Tag: What is the difference between the Sabbath and the Lord’s Day?

What is the Difference between the Sabbath and the Lord’s Day?

What is the Difference between the Sabbath and the Lord’s Day?

While Sunday is the traditional day of worship for Christians, many still remain uncomfortable over the issue of the Sabbath day. This is due to a common error that the Sabbath was the day of worship. Groups such as the Seventh Day Adventists hold that God requires the church service to be held on the Sabbath day which is Saturday, the seventh day of the week.

But is that really what the Sabbath command was?

In this article, I would like to tackle several of the questions and possible confusion Christians may have in reference to the 4th commandment of God found in Exodus 20:8-11, repeated in Deuteronomy 5:12-15. Are Christians required to observe the Sabbath? Was the Sabbath changed from Saturday to Sunday?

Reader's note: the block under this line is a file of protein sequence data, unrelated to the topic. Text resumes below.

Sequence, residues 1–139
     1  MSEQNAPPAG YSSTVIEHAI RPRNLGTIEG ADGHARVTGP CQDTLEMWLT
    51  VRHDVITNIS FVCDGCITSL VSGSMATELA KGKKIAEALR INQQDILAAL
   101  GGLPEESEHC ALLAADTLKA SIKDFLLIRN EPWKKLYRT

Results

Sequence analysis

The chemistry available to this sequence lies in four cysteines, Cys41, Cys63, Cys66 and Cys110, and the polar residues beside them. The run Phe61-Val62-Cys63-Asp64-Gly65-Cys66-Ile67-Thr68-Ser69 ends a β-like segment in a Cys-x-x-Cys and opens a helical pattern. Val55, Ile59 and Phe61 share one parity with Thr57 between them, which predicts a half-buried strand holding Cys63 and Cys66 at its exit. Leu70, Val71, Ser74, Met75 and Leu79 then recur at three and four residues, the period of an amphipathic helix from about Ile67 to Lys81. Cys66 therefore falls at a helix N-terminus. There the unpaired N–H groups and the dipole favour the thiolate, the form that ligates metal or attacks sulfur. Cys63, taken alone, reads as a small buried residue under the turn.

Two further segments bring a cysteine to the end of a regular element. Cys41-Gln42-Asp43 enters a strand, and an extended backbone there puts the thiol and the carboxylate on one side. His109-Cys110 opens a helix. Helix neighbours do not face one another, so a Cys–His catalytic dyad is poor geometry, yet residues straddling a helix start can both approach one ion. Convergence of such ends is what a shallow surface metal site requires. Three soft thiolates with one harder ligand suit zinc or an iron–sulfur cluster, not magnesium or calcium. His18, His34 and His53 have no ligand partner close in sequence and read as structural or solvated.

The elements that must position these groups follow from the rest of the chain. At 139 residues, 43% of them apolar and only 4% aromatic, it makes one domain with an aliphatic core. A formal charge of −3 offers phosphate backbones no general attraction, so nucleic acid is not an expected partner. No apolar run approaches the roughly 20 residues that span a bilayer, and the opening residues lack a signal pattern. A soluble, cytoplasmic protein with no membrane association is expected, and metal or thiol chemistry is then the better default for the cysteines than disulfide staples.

What is the Sabbath Day?

The word “Sabbath” comes from a Hebrew verb that means “to cease, stop, rest, and to come to an end.” Based on this definition of the word, the Sabbath Day was a day “to cease from work.” The institution of the Sabbath had its origin in Genesis 2:2-3 which states that on the seventh day, God rested after finishing His work of creation; God blessed the seventh day and sanctified it because in it He rested from all His work.

The important thing to note here is that no commandment is made in this text. Although God rested and observed the Sabbath, nothing is said about Sabbath observance and worship. The seventh day isn’t even called the Sabbath but is differentiated and set apart (sanctified) from the other six creation days.